The actual configuration and operation of the Tribal Data Network will evolve as the project gains momentum. One model would have Tribal Data Network staff at CRITFC working with tribal staff to develop applications and procedures to facilitate local data capture and management processes. Tribal Data Network staff could provide guidelines, software, and hardware to assist the tribes in capturing and managing the monitoring data they need.

The architectural vision for the Tribal Data Network at this time is distributed, with each member tribe having a relational database server at the tribal or field office level that data entry software will feed. The locally consolidated data on each database server will be assembled from local projects and under the control of the tribe, ensuring tribal ownership and control over their monitoring data.

Written data sharing agreements will document how each tribe wishes to share its monitoring data with other entities. The Tribal Data Network will produce applications that query the local tribal monitoring databases and transmit the data that each tribe has agreed to share among themselves and with CRITFC using XML format.

A web interface will make the agreed tribal monitoring data, summarized to the appropriate degree, available to the region and public at large. Using these and similar means, the Tribal Data Network project will facilitate sharing tribal monitoring data with StreamNet and the region.


StreamNet's regional hydrography GIS layer provides the georeferencing framework for the vast majority of regionally standardized fish data delivered through StreamNet. As higher resolution stream layers come into use by our partner agencies, StreamNet incrementally incorporates and uses these higher resolution data at the regional level and updates publication of our 'best available mixed scale hydrography' layer. In May, 2009 we incorporated higher resolution data from Washington Department of Fish and Wildlife into version 1 of this dataset. We are currently incorporating Oregon Department of Fish and Wildlife's high resolution hydrography for Oregon and will be making the switch to version 2 of our regional mixed scale hydrography dataset (MSHv2) in the very near future. The mixed scale hydrography is designed to include all 1:100,000 scale streams plus all named streams at 1:24,000 as well as additional streams for which we have data.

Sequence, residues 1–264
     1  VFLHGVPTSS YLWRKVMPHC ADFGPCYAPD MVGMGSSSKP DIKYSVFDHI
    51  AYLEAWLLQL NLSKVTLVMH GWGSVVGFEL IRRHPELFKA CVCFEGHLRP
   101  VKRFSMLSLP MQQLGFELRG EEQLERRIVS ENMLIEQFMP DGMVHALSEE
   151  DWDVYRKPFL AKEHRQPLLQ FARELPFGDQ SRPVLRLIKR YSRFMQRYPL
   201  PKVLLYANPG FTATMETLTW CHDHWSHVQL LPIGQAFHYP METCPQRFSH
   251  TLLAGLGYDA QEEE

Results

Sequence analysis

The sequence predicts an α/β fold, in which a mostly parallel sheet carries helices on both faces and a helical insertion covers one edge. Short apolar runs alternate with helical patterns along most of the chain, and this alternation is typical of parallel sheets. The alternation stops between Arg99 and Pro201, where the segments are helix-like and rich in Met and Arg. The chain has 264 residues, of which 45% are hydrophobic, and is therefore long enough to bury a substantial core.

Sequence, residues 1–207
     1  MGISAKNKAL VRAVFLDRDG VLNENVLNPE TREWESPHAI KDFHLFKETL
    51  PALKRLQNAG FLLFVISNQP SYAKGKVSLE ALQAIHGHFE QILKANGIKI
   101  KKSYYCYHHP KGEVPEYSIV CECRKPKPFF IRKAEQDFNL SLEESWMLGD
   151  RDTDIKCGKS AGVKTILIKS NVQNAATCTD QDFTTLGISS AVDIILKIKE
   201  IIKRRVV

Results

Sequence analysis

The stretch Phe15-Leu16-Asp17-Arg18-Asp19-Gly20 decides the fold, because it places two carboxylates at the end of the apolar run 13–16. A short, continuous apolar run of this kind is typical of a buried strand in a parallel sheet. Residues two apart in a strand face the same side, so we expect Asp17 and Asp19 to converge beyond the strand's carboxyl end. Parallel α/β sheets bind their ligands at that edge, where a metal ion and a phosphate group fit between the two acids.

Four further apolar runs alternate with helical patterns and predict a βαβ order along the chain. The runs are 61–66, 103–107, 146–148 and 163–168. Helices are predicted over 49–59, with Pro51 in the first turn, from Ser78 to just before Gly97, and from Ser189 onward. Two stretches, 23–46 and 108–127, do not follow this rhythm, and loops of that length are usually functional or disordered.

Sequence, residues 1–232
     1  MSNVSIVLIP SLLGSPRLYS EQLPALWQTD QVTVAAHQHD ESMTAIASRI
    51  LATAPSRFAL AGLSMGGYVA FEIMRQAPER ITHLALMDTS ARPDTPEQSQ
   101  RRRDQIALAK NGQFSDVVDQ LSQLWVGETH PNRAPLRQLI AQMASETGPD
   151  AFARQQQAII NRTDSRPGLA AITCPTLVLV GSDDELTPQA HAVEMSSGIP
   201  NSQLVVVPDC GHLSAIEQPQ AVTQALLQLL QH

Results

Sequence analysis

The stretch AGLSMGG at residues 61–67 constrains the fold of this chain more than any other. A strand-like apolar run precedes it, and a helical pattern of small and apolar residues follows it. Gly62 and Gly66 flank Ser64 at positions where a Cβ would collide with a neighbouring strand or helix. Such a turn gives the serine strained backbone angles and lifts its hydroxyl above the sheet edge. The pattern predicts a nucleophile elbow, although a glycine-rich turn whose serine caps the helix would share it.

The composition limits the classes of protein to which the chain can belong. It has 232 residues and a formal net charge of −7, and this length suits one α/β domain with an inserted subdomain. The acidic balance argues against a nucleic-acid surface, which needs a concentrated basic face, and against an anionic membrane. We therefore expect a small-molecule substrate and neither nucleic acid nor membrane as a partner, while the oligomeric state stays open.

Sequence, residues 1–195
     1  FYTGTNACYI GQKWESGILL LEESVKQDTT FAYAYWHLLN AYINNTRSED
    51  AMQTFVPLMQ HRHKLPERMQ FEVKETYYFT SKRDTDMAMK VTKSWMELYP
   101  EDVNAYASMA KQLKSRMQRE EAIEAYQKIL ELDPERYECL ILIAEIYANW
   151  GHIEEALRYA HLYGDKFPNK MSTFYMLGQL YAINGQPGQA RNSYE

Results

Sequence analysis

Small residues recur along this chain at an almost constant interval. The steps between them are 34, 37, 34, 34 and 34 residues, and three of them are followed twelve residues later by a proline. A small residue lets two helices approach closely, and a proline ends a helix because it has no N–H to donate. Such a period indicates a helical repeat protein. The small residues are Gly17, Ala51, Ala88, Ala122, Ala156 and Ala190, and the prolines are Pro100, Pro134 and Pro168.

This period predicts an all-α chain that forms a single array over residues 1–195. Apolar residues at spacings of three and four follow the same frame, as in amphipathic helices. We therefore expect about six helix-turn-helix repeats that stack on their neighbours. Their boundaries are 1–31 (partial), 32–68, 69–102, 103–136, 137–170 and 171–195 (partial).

Our long term goal is to use a regional whole-stream route system based on line work that is sourced from and maintained within the High Resolution National Hydrography Dataset (NHD). While the U.S. Geological Survey no longer uses map scale in describing the dataset, these data are generally equivalent to 1:24,000 and finer. This approach will enable StreamNet partners and data users to leverage and contribute to the data review, maintenance and tool development investments of the NHD stewardship program while benefiting from the simplicity of whole stream routes for recording and reporting fish data. Importantly, this approach will make it much easier to exchange and integrate data from StreamNet's system with those managing data tied to the NHD.